When I was growing up, boiled custard was an annual part of our holidays. It was sold in the grocery store right next to the eggnog. I always thought it tasted just like melted vanilla ice cream, and it wasn’t until later when I became more interested in cooking and baking that I realized that’s basically exactly what it is!
If you have ever made homemade ice cream with a cooked egg yolk base, then you have technically already made boiled custard. You just skip the step where you add the custard to the churner and instead you pour it, chilled, right into a glass and drink it up.
Sound rich? Oh, it is. But that’s what the holidays are all about.
I was an adult before I learned that boiled custard is a treat that is specific to the southern U.S, especially Kentucky and Tennessee, where I live. My husband, who is from California, had never heard of such a thing. Once I realized that it’s simple to make homemade boiled custard (and that I had already made it dozens of times through my many batches of homemade ice cream) I will never go back to purchasing the cartons from the grocery store.
I like to use vanilla bean paste so that you can see the pretty vanilla bean speckles in the custard. Vanilla bean paste and vanilla extract is equal in flavor, however, so if you only have extract go ahead and use it and it’ll be perfect.
You can add some spices if you like – cinnamon, nutmeg, etc… but I like it pure and simple. If I want it spiced, I’ll drink eggnog!
I like to sip on boiled custard when it is ice ice cold. I like to move it from the fridge to the freezer about 20 minutes before I’m ready to serve it so that it gets extra chilly. Enjoy!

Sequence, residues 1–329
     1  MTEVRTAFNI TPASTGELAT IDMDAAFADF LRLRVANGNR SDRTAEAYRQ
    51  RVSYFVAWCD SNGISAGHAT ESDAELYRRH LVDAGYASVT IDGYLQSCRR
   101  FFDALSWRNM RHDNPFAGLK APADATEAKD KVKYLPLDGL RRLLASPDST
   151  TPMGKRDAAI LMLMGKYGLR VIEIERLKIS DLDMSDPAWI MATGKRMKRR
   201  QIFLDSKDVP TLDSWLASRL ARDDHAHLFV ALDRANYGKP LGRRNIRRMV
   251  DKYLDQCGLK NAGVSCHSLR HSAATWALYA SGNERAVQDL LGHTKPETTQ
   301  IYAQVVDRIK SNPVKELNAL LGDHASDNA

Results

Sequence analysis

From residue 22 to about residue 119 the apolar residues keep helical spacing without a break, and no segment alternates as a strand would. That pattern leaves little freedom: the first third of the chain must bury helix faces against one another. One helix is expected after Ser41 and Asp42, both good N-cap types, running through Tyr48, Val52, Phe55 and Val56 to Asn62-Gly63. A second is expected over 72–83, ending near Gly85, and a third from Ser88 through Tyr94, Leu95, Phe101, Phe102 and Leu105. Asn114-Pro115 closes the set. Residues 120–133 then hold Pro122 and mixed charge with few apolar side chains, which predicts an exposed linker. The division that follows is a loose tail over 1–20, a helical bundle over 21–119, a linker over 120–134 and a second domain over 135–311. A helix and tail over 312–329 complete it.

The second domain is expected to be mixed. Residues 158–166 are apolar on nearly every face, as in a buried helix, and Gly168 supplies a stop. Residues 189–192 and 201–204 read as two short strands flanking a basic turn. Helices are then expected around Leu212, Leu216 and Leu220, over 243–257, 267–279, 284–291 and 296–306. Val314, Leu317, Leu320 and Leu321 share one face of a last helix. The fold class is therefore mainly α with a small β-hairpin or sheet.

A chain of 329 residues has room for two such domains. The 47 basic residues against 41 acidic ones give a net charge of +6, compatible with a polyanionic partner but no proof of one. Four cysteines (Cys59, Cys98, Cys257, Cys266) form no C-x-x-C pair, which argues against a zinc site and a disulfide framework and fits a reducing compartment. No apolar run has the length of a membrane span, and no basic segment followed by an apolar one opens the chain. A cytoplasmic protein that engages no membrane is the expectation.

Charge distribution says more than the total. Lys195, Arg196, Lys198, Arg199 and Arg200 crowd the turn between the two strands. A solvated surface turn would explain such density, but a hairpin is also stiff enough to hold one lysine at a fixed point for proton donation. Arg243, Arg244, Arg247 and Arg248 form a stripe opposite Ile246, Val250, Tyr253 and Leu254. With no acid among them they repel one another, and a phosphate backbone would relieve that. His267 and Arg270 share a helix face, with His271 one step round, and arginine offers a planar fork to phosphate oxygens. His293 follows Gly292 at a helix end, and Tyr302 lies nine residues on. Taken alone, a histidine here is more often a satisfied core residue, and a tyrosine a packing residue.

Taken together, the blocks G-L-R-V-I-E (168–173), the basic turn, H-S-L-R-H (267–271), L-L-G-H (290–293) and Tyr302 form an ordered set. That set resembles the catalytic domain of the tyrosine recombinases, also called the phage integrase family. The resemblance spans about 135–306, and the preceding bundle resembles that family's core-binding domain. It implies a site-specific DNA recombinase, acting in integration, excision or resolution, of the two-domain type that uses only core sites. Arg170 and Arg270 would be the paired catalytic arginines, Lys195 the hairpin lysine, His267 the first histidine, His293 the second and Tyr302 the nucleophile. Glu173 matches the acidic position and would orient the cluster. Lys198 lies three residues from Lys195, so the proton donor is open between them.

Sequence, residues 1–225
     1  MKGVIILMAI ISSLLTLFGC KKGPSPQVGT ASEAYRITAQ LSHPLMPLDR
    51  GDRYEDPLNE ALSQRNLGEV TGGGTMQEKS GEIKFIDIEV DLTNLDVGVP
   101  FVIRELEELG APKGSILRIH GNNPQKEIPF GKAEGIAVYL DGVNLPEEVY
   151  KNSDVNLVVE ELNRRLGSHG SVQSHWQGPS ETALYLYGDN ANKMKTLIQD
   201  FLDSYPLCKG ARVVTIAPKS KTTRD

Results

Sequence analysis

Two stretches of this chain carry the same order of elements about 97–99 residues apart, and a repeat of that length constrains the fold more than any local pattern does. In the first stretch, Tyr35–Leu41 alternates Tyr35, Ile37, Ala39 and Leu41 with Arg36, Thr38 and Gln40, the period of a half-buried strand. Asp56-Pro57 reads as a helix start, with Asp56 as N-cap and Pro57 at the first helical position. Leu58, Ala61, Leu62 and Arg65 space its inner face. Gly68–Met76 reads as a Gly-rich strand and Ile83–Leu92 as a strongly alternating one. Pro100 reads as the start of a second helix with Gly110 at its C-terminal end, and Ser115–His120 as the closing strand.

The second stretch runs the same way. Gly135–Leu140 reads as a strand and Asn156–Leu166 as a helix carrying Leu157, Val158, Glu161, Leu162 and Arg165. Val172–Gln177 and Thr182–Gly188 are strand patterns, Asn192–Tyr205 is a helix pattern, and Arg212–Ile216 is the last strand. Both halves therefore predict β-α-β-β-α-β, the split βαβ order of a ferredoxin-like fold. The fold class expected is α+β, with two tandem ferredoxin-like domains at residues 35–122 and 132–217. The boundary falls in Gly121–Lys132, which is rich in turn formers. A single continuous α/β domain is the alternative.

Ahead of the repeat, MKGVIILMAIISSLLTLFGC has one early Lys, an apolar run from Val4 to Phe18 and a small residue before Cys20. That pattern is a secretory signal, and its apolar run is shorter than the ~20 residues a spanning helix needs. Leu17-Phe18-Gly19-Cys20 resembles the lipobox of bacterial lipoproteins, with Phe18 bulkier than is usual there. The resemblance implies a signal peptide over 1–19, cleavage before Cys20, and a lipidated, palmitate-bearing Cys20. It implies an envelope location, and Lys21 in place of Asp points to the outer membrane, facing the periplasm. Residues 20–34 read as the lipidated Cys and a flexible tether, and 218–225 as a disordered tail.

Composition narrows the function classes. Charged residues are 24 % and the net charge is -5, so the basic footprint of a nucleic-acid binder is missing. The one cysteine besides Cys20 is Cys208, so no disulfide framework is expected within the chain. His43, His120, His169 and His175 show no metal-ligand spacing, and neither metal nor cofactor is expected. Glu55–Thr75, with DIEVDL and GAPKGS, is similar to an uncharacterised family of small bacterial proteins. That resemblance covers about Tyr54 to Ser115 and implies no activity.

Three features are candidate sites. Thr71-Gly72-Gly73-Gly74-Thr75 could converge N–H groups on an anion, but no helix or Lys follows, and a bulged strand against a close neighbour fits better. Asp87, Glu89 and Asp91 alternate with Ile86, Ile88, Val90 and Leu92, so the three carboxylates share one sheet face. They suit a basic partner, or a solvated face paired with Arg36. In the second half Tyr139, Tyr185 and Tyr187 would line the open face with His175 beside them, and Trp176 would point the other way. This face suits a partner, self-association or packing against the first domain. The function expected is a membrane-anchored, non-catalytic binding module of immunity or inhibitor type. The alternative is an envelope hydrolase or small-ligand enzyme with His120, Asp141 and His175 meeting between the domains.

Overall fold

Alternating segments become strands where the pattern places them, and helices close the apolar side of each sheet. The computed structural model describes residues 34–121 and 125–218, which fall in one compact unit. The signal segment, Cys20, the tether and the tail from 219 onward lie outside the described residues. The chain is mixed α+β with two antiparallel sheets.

|Southern Style Boiled Custard|| || |
- 1 quart (4 cups) whole milk or half & half
- ½ cup granulated white sugar, divided
- 5 large egg yolks
- 2 tsp vanilla extract or vanilla bean paste
- Whisk the egg yolks and ¼ cup of the sugar in a mixing bowl and set aside.
- Combine the milk or half & half and the remaining sugar in a heavy-bottomed saucepan. Heat on medium until just starting to steam, but do not allow it to boil.
- Scoop out about ½ cup of the heated milk mixture and drizzle it into the egg yolks while whisking constantly. Then slowly pour the egg and milk mixture back into the saucepan.
- Cook, stirring frequently, until the mixture thickens a little and coats the back of the spoon. If you use a candy thermometer, you want the mixture to reach 160F but not exceed 175F. This step usually takes about 20 minutes.
- Remove from heat and stir in the vanilla extract.
- NEW NOTE: If the egg mixture was tempered correctly, the custard shouldn't contain lumps, but if it does, simply use a fine mesh strainer to get them out.
- Chill thoroughly before serving.
Save this recipe to your holiday Pinterest boards! Use the pretty image below: